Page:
Wells seems to have been the first woman to seek admission at the school. While the entry of women such as Emily Howard Jennings* Stowe and Jenny Kidd Gowanlock* Trout into medicine in the 1860s and 1870s had met with considerable opposition, as was Clara Brett Martin*’s acceptance into the legal profession in the early 1890s, there is no record of any controversy over Josephine’s application to study dentistry. She would later comment on the support she had received from James Branston Willmott*, the head of the school, and say that she had encountered “nothing else but kindness and help and encouragement from everybody.” The school’s leaders were willing to assist John Wells – their friend, colleague, and former star student – in his time of need. The board agreed in March 1891 to grant Josephine matriculation, and she was officially apprenticed to her husband. During her two years at the school, she relied on relatives and friends to help care for her three young children.
In the final examinations Wells did well in practical dentistry, probably because of her experience in her husband’s office, but given her limited education in science she found the other courses a challenge. Nevertheless, after taking supplementary tests, she completed the dental program in the fall of 1893, obtained her licence on 20 October, and began treating patients in the family home. Two years later she was unanimously welcomed into the Ontario Dental Society. In recognition of her status as “the first lady dentist on our list,” she was elected an honorary member with voting privileges, a move on the part of her male colleagues, who strove to be “gentlemen,” that was perhaps designed to save her the cost of the regular fees. In the 1930s she would recall that while practising in Toronto she worked also in Aurora, Woodbridge, King (King City), and Maple, devoting a day a month to each place. “It was,” she said, “a stern struggle – but I kept our home together and really enjoyed the work I had taken up.”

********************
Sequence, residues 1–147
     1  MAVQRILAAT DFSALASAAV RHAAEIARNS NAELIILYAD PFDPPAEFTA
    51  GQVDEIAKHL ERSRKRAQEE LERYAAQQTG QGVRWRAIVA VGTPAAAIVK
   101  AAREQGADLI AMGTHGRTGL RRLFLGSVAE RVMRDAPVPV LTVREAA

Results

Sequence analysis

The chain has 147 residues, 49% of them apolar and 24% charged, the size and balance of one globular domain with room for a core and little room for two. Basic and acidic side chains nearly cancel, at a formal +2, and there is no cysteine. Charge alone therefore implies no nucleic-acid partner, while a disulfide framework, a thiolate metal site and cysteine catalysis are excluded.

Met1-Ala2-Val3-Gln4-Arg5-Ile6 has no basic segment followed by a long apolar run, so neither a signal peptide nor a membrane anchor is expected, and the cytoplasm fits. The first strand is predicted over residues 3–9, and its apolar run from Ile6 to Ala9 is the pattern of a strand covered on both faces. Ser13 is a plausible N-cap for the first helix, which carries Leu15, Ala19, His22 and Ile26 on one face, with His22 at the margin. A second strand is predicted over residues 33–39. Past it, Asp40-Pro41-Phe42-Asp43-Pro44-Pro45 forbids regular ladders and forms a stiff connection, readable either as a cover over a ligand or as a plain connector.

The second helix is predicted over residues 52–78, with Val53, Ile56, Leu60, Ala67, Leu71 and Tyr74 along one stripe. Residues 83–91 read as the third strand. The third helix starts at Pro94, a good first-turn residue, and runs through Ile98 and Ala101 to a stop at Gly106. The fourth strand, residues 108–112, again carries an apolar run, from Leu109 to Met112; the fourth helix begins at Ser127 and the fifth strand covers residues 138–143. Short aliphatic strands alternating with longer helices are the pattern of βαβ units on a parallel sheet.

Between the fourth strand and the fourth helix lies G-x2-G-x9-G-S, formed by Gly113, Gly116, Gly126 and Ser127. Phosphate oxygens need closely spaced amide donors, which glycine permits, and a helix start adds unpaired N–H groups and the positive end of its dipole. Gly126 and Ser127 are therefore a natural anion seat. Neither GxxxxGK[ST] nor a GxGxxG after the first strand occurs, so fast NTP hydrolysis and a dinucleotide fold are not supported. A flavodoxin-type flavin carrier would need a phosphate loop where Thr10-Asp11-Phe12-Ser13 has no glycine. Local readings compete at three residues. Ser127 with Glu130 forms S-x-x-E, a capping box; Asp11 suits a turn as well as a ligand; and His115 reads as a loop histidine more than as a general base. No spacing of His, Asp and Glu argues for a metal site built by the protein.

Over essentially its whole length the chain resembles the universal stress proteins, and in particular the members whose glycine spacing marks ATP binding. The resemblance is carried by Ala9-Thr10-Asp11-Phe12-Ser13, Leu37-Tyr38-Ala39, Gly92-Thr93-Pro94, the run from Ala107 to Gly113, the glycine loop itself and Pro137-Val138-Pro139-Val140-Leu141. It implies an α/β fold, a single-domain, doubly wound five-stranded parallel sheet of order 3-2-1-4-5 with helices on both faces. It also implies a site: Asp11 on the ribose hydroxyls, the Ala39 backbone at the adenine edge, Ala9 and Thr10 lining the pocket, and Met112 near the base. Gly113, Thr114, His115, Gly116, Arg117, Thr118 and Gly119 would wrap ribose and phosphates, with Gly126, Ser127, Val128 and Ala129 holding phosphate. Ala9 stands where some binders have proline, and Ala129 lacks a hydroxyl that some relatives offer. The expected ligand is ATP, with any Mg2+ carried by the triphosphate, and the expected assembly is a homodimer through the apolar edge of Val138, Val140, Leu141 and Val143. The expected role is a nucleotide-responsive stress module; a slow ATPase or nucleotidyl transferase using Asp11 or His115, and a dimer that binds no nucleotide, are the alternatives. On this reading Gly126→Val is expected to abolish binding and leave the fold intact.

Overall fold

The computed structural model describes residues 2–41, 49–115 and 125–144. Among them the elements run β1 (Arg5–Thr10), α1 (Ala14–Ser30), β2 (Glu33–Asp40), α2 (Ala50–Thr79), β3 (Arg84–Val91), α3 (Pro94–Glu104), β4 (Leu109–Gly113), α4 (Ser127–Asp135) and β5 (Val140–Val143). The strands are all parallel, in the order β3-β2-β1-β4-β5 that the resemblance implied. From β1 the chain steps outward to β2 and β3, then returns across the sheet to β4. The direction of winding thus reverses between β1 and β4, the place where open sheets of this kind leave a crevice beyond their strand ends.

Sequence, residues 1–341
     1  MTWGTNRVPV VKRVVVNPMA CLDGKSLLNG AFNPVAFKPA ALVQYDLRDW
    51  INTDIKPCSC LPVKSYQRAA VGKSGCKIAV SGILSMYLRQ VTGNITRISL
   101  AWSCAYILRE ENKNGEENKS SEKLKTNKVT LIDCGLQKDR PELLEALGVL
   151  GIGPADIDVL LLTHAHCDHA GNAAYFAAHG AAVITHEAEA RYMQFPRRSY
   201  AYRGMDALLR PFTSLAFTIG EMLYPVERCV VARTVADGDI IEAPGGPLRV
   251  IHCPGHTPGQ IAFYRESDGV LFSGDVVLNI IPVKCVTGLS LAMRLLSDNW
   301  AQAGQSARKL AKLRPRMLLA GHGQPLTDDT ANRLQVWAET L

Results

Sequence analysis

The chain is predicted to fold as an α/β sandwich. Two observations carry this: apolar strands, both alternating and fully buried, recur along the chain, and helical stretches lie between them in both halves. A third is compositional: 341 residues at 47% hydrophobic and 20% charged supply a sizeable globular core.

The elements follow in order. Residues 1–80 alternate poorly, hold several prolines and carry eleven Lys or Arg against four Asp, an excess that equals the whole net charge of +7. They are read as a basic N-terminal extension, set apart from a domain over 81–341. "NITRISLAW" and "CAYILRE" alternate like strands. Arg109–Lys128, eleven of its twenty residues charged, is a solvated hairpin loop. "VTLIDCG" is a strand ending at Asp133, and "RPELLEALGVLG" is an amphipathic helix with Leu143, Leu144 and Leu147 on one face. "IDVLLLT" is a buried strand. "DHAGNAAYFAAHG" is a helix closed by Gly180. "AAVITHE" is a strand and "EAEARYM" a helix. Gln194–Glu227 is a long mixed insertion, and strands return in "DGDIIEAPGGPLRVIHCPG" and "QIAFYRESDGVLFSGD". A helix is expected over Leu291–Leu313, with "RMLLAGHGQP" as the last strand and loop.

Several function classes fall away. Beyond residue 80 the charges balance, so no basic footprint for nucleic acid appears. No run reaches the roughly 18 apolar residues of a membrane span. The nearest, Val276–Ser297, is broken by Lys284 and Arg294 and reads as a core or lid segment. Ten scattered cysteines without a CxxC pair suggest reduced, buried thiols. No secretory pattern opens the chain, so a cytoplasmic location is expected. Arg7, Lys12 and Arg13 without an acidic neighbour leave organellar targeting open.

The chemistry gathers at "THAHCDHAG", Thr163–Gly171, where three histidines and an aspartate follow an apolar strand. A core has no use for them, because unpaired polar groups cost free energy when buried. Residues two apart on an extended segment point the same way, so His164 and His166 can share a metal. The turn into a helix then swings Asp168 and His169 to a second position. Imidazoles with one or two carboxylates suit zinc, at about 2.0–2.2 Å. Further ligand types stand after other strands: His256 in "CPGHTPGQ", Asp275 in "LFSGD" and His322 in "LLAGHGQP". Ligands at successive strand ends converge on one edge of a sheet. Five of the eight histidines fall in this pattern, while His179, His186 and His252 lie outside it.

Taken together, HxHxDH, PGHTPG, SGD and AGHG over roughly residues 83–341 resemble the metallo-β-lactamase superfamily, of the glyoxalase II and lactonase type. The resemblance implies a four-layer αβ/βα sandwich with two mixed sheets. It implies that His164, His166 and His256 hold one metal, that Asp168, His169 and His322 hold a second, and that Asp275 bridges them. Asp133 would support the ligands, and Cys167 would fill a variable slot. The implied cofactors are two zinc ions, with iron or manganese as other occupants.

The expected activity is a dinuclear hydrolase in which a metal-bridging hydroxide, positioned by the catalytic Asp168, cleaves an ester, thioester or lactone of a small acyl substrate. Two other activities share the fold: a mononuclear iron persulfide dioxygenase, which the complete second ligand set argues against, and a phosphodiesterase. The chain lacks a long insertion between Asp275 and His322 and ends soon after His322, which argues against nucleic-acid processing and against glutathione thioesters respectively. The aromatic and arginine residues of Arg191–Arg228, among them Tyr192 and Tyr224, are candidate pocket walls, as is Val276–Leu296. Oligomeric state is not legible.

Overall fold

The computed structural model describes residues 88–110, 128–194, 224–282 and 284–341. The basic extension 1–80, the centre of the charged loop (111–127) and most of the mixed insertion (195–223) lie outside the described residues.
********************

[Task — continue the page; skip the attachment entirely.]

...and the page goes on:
Wells passed the examinations to obtain her dds degree from Trinity College in 1899, a year after the death of her younger daughter. She then took a break from her career with the birth of her fifth child, Dalton Courtright, in 1900. In 1903 she published a brief paper on the care of children’s teeth that she had read before the Toronto Dental Society. After John’s death from heart failure the following year, she continued to offer dental services out of her house at College and Spadina avenues, then on Bathurst Street, and later on Boustead Avenue.